The Mutual Fund – A Critical View

Not long ago I received an inquiry from a visitor to a website on which I’ve functioned as the financial consultant over the past year. The questions, short and to the point, read as follows: “What should I look for in a fund? I recently rolled over a 401(k) into an IRA and right now sitting in a money market account (I’m peeved at my advisor about that). I’m looking for some good aggressive growth funds. One more thing: The IRA is about 6K. Should I put it in one mutual fund, or a couple, or a hundred? Thanks, Kelly.”

As I composed my response, I realized that these questions were reflective of hundreds of others I’ve received over the years. For that reason, I’m providing my reply for the many other Kellys who haven’t yet gotten around to asking them. Here’s what I said.

“Dear Kelly,

“You’ve posed a couple of questions that most aspiring investors should ask, but rarely do: What should you look for in a mutual fund and of equal significance, what belongs in an IRA? You then added that you’re peeved with your advisor that your assets are now sitting in a money market account where they’re no doubt earning next to nothing. Whether you realize it or not, you’ve touched at the very heart of investment and what is lacking in most persons’ understanding.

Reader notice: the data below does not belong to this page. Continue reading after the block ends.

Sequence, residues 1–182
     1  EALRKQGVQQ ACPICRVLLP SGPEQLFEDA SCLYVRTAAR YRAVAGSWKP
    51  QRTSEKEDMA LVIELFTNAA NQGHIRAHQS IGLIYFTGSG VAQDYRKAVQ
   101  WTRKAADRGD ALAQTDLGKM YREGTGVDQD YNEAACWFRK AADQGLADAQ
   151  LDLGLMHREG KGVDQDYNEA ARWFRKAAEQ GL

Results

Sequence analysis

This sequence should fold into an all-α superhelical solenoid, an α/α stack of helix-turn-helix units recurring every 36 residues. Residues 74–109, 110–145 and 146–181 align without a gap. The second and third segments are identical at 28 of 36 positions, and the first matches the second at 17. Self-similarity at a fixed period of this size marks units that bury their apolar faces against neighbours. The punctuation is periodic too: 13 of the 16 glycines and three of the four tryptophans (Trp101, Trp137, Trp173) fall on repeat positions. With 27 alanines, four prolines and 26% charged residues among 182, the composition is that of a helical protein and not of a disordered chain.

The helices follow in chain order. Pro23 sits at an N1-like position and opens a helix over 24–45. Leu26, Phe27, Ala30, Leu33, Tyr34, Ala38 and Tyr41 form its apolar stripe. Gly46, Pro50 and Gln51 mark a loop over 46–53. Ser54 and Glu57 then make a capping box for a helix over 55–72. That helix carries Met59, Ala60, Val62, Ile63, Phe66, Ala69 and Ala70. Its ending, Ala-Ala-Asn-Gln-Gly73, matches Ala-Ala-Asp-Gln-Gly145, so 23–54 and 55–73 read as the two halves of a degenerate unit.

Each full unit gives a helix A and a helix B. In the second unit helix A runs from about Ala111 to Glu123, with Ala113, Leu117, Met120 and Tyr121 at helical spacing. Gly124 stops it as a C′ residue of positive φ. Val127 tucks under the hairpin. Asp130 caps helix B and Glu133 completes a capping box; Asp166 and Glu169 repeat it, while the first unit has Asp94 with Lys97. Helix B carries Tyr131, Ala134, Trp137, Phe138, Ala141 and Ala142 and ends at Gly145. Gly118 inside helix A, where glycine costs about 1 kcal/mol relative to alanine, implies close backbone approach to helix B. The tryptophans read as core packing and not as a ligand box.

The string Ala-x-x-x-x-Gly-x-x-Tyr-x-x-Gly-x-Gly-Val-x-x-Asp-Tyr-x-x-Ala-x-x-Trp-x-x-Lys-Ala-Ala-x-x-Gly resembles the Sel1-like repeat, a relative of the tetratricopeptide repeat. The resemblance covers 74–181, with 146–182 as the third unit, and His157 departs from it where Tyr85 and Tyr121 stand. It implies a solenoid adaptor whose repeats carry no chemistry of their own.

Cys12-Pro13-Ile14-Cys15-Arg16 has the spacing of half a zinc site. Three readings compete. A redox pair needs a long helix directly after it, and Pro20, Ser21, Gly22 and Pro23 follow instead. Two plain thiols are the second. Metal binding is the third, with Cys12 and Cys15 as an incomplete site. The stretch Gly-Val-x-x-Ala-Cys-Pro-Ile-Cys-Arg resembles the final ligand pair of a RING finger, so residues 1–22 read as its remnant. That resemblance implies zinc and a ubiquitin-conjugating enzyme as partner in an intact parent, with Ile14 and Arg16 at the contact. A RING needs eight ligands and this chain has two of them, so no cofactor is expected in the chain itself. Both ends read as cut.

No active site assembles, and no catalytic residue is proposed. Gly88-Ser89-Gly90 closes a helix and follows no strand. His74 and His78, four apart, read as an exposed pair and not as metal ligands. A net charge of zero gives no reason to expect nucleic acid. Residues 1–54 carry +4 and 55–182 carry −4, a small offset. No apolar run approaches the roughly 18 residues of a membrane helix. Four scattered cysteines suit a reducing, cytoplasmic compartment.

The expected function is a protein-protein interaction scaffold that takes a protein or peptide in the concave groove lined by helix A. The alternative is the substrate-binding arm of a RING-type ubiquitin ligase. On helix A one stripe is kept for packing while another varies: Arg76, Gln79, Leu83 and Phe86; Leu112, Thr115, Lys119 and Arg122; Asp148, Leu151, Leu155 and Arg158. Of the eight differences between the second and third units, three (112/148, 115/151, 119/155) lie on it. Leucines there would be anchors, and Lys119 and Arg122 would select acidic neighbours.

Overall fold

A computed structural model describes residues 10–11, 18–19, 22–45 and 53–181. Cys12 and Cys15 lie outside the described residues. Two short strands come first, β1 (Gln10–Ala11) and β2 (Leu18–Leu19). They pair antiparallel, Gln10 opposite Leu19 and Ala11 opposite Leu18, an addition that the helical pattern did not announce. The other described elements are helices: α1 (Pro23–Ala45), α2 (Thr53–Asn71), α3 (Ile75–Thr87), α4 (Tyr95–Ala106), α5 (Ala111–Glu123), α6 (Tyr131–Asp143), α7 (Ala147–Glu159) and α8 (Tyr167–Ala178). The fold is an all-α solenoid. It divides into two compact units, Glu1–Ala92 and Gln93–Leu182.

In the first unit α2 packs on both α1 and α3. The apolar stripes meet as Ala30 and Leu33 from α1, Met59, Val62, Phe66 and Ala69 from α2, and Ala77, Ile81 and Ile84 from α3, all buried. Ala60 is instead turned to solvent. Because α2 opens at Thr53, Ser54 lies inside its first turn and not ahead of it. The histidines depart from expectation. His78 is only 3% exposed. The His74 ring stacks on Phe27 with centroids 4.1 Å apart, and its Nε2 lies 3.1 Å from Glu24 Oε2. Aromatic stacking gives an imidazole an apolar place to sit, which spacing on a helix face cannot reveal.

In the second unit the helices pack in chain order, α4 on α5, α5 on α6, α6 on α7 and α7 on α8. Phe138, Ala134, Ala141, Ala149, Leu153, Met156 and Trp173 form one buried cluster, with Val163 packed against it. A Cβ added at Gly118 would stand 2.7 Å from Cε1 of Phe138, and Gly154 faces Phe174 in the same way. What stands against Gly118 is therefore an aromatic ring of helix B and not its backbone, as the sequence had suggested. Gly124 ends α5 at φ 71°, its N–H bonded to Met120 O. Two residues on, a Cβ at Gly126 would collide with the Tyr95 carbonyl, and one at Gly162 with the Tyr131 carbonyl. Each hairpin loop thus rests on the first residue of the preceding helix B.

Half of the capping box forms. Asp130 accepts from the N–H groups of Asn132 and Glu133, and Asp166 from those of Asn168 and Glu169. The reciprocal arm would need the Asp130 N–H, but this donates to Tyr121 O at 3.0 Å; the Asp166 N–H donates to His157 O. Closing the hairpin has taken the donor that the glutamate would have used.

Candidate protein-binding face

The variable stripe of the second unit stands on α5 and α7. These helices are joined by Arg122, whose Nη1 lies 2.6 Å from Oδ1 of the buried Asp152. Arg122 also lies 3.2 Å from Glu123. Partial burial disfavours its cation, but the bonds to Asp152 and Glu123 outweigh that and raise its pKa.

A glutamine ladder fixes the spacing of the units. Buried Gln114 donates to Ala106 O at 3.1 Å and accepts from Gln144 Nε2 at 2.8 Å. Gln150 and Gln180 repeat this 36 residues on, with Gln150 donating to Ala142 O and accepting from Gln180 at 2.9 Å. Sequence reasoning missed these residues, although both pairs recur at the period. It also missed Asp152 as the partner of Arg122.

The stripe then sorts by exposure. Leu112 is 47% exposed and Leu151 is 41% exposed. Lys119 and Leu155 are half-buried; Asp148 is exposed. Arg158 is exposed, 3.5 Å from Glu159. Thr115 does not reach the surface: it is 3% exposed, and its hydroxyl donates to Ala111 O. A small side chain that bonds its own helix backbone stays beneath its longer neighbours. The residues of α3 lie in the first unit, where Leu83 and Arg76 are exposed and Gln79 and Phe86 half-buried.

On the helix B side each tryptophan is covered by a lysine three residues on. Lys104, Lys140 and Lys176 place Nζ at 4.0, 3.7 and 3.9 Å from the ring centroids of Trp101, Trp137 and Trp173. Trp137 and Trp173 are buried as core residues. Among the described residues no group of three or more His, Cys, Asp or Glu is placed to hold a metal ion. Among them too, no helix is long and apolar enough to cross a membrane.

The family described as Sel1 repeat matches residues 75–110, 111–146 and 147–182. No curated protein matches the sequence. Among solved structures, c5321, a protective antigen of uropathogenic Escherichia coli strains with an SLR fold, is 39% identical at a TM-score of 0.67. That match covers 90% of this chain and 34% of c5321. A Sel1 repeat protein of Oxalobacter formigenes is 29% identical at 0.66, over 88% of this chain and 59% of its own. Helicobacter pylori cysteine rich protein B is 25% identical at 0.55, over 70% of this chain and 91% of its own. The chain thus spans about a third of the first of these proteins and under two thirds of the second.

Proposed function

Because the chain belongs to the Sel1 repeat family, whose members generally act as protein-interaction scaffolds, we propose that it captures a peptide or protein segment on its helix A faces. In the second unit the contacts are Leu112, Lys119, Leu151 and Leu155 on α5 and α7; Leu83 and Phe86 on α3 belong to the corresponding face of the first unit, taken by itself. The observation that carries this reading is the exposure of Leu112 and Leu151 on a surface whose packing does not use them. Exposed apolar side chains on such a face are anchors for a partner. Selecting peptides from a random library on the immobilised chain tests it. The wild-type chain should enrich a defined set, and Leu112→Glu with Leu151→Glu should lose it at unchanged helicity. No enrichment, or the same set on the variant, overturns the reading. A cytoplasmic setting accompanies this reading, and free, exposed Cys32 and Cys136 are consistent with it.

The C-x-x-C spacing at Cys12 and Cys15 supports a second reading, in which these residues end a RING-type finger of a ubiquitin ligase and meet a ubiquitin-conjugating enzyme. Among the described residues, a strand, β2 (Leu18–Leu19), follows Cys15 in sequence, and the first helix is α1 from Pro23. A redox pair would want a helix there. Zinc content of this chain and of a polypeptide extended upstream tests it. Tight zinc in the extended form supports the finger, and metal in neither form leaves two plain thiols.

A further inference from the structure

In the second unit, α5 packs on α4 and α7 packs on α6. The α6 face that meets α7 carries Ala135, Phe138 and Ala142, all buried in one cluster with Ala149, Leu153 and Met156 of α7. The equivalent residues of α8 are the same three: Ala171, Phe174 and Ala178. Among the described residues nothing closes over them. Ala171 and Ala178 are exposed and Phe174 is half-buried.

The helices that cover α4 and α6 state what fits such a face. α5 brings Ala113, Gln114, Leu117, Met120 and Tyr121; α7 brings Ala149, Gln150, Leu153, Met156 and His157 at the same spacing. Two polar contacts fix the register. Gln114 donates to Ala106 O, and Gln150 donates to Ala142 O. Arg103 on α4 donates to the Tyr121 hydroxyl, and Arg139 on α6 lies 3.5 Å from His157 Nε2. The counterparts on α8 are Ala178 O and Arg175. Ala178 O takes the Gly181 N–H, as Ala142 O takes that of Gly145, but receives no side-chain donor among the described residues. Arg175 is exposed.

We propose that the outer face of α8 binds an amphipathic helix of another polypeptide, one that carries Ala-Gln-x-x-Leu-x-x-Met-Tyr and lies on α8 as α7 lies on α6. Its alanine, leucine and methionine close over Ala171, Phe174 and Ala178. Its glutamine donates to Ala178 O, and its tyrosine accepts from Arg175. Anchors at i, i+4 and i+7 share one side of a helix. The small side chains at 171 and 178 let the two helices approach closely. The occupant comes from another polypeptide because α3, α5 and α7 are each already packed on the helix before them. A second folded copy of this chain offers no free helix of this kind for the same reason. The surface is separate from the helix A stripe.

“I’ll start with your first query: ‘What should I look for in a fund?’ Let me make an admission. In case you think that I can recommend with uncanny accuracy just which funds will most prosper in the future, the blunt truth is that I cannot. I do not happen to know where the market is going. I cannot tell you whether the technology sector, the international arena, or the service industries will be higher or lower next month . . . or next year. But, understand that neither do the professionals who advise you. By and large they are as surprised as you by what happens. There’s not a one of them that can tell you with certainty whether the S&P 500 Average will be up or down tomorrow. And why should they really know? They all read the same periodicals, take the same seminars, digest the same reports, tout the same rumors, spew the same hyperbole, and regularly exchange identical views among themselves. Is it any wonder that what goes on in the world of investment is, for most persons employed there, unfathomable? You should note, though, that from their standpoint it really doesn’t matter, for their livelihood doesn’t depend on whether or not you prosper. Your advisor makes a living either by charging for advice—good or bad—or by payment of commission upon your purchase or sale of anything. Nor do the mutual fund personnel particularly care whether your assets shrink or grow, for their remuneration is the result of fees their firms take, normally based on a percentage of the total assets managed, which is why each mutual fund strives to increase its share of overall invested assets. Whether a particular client’s assets increase or decrease is without significance. Of course, the counselors’ lives are less burdensome if they’re not required to defend bad investment choices. For this reason, most prefer the index funds. In this way, they cannot be blamed when things go wrong. They’re off the hook since all losses can be attributed to mythical market forces.